To say that an NFL player cannot be vegan because of evidence in that article is ludicrous. First of all, as already stated, that article was written by someone who has no idea what they’re talking about. There are lots of professional vegan athletes. Former NFL all star Desmond Howard is vegan (although I’m not sure if he was vegan while still playing). As stated above, there are a number of websites dedicated to professional vegan athletes and vegan bodybuilding (www.veganbodybuilding.org is one example). It is not difficult to maintain lean muscle mass while on a vegan diet. Non vegetarians often think that the only source of protein is dead animals. This is not true at all! Nuts, seeds, beans, soy, brown rice, legumes, quinoa all are packed with protein!
For those who think that being a vegan is wimpy, or will make you not tough, look up Mac Danzig. He is a current ultimate fighting champ, is a vegan, and is tough as nails!
To comment on what c.f. said above: First, I’m not sure why you wouldn’t trust Harvard Medical School. They are on the green/global warming bandwagon with other elite schools? So they follow scientific evidence from experts the world over? WOW- they are wackjobs allright! Your comment on a high carb diet vs. high protein diet: You seem to be ignorant about carbohydrates or just didn’t elaborate enough if you do understand. Complex carbohydrates are not bad. Carbohydrates provide energy for the body. The body needs lots of them, more so than protein. Elite athletes especially need to consume lots of carbs. What is important to understand is the type of carbohydrate that you eat matters greatly. Drinking a soda is not good for you because it is filled with refined simple sugars. Eating brown rice is good for you however because it is packed with complex carbs.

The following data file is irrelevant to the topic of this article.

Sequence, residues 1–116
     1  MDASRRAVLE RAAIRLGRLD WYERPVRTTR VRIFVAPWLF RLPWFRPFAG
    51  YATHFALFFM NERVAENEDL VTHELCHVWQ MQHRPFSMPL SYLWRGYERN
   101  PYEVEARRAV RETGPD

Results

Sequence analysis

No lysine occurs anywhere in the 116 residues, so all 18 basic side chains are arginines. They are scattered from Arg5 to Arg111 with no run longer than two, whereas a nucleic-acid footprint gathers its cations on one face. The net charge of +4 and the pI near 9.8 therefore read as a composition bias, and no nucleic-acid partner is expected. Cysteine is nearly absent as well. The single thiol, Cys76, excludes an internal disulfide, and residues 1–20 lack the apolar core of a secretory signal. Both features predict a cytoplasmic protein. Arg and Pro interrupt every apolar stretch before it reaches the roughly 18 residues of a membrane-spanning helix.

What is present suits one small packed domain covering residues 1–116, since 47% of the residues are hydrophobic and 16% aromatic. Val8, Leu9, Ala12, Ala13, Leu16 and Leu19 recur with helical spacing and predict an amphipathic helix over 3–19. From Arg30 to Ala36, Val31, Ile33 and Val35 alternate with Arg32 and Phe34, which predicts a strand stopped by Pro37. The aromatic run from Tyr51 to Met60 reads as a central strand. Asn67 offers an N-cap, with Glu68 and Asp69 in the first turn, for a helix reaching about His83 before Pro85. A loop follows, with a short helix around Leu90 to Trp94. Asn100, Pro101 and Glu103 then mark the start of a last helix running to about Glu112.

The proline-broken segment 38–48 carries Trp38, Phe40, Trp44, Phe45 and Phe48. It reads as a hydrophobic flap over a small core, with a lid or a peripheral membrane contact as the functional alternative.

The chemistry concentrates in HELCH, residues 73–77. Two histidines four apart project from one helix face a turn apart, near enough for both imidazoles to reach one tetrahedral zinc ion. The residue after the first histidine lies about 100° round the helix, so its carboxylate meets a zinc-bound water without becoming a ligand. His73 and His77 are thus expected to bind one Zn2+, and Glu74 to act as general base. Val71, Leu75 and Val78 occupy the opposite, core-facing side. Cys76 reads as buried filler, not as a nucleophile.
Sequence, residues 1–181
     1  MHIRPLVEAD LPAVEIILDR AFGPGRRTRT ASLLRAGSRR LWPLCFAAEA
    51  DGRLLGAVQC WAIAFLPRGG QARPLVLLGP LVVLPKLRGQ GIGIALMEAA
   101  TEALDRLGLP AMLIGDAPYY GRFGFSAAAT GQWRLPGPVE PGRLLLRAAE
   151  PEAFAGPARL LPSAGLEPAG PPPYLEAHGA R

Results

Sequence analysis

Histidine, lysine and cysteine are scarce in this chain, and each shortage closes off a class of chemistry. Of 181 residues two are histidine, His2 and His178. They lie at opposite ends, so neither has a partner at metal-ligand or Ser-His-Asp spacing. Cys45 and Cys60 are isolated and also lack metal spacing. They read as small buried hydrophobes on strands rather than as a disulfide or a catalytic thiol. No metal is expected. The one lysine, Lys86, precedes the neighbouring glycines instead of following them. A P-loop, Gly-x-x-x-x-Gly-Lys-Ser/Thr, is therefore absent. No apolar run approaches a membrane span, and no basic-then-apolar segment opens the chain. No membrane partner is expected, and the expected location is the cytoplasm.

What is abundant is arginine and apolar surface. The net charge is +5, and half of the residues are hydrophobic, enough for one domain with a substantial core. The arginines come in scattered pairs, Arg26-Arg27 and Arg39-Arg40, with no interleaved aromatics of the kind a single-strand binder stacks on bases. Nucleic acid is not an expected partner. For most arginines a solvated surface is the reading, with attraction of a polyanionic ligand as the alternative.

And the comment on the Bill Walton- what disease does he have? I looked up ‘Walton’s Disease’ on the internet and found nothing. Animal protein simply is not necessary in anyone’s diet. There is no disease caused by veganism. Yes, there can be vitamin deficiences from a vegan diet, but no more so than those from a high meat diet. If one maintains a balanced and healthy vegan diet, there should be no deficiences (Vitamin B12 is the exception, some take B12 supplements, but a lot of life long vegans believe it is not necessary). OK, i’m done.